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Who's your oppressor?
James Skinner - international terror and corruption

Another great gulf between the USA and Europe is the attitude taken by both sides towards modern day dictators. If we skip common bygone enemies such as Hitler and Stalin during WWII and take into consideration the subsequent battle against Communism during the Cold War a very different scenario emerges. In fact as we enter the XXI century, there are political factions within Europe that consider President George Bush a dictator who is spreading a new era of American imperialism throughout the world.

So what is a dictator anyway! Whenever I face a complex essay I revert to a basic definition to kick off the debate. I quote from the Oxford Dictionary. Dictator: ‘a ruler with total power over a country, typically one who has obtained power by force.’ Wow! Have we got a can of human worms out there running the universe! How about starting with the most recent demise in the Middle East, Yasser Arafat.

I am not going to elaborate on this particular ruler as James Campion has already sorted him out in another article in Hacks. I will only add that in the eyes of half the world he was a ruthless dictator dominating the Palestinians and to others he was a charismatic ‘freedom fighter’ trying to liberate the same downtrodden lot the Israeli’s were bashing the hell out of. On to Israeli then. Is Ariel Sharon a dictator? Again, the same old argument. It depends who likes or hates Israel, although Sharon was elected democratically into office. And this is the crux of the matter. When does an elected ruler become a ruthless one and thus labelled as a dictator? Let’s hit the history trail starting with Latin America.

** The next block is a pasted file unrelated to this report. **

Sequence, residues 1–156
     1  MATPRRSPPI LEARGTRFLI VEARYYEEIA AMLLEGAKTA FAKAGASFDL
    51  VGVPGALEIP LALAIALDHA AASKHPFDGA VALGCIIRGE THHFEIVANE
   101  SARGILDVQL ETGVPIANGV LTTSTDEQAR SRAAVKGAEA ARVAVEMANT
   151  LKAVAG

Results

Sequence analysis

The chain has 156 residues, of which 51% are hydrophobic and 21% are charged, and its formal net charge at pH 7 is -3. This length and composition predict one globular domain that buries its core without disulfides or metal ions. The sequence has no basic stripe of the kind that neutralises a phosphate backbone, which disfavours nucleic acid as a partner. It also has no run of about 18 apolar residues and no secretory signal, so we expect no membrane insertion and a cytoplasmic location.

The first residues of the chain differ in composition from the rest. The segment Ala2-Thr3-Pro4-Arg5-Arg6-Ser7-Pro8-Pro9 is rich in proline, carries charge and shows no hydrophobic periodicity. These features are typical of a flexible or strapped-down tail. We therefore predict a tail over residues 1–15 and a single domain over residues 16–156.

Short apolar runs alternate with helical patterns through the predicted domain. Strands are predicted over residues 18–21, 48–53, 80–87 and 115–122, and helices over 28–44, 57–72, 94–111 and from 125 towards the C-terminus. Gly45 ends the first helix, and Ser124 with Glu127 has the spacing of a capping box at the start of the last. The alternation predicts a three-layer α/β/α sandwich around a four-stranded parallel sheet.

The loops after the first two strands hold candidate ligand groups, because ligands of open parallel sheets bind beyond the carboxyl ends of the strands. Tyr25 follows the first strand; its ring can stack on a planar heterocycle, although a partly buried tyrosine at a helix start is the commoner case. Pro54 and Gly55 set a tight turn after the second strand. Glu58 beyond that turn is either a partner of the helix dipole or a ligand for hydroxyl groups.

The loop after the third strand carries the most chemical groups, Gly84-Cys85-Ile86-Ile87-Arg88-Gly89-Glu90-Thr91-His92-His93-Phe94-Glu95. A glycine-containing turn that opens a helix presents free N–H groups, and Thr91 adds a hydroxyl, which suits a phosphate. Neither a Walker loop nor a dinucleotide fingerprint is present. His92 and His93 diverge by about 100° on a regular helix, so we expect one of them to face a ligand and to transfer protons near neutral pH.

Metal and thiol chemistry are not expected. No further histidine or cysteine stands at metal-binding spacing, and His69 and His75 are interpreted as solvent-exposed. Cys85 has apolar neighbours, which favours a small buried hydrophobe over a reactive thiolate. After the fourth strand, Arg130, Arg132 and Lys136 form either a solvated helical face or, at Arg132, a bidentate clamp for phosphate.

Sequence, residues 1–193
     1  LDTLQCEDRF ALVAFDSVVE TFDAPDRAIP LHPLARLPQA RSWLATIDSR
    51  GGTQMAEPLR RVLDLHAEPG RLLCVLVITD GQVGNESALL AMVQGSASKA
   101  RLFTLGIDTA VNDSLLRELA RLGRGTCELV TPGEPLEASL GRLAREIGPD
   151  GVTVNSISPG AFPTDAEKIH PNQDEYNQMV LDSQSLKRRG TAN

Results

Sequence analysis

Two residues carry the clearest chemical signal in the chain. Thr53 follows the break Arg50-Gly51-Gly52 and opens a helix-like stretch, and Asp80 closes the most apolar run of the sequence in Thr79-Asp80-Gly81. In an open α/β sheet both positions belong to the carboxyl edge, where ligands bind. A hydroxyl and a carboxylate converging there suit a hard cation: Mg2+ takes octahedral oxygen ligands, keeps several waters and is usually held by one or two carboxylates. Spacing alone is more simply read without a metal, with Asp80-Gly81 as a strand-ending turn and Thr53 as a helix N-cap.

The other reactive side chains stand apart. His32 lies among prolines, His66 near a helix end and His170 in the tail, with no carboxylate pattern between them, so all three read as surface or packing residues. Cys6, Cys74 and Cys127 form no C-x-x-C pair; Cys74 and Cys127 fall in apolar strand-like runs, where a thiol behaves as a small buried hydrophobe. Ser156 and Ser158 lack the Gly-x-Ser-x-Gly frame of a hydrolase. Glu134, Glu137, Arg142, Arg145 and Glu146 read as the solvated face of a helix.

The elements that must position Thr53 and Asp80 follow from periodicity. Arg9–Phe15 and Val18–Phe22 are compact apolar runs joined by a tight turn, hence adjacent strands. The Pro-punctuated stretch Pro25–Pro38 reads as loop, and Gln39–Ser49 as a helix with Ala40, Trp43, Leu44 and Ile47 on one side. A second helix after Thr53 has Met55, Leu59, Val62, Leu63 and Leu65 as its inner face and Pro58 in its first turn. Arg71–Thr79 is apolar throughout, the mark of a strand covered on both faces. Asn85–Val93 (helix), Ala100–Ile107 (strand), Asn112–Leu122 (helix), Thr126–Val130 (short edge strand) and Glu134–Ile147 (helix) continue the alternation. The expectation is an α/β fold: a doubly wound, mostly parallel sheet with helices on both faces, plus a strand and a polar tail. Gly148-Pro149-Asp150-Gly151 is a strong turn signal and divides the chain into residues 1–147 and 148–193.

Cuba, pearl of the Caribbean, land of tropical fruit, sandy beaches, beautiful people, cigars and Fidel. Yes, good old bearded Fidel Castro, the one and only. Here we have a genuine case of a so-called ruthless ruler that forced his way into power by ousting yet another corrupt dictator, Batista and imposed his authoritarian brand of socialism to feed and educate his people. He made one mistake, he rattled Uncle Sam’s chain once too often and has been ostracized by the yanks ever since. But what about Europe? The Pope’s been there to visit him, Spain’s King has been there, and a great deal of European business is carried out with the old guy. So why the difference in attitude? Does Europe consider him a dictator? Officially yes, but then it depends on whom you talk to. Let’s move on to another couple of geezers that took over by force, Chile’s Pinochet and Argentina’s Galtieri.

Now here you have the opposite effect. Apart from Britain’s Maggie Thatcher who ironically loved the former and hated the latter, the US administration buttered up to both of them in the so called ‘purge’ of communism in Latin America back in the 70’s. Pinochet shot his way into power, ousting the then elected Chilean President Allende whilst Galtieri just took over from a succession of former military dictators ruling Argentina since the 40’s. Uncle Sam loved them both. Europe, on the other, not only condemned them, or their regimes, they actually started a whole set of court proceedings to put the bastards behind bars. Yet there is a subtle difference between the two. Despite Pinochet’s rule of iron, he did put Chile’s economy back into the black and together with Galtieri rid the Southern Cone of communist terrorism. But Argentina was far from being financially solvent. Instead Galtieri decided to invade the Falkland Islands and ended up going to war with Britain in 1982. Isn’t that a mixed bag of dictators and a ‘love-hate’ relationship with superpowers, namely USA and Europe? What about General Noriega dominating Panama in the 80’s?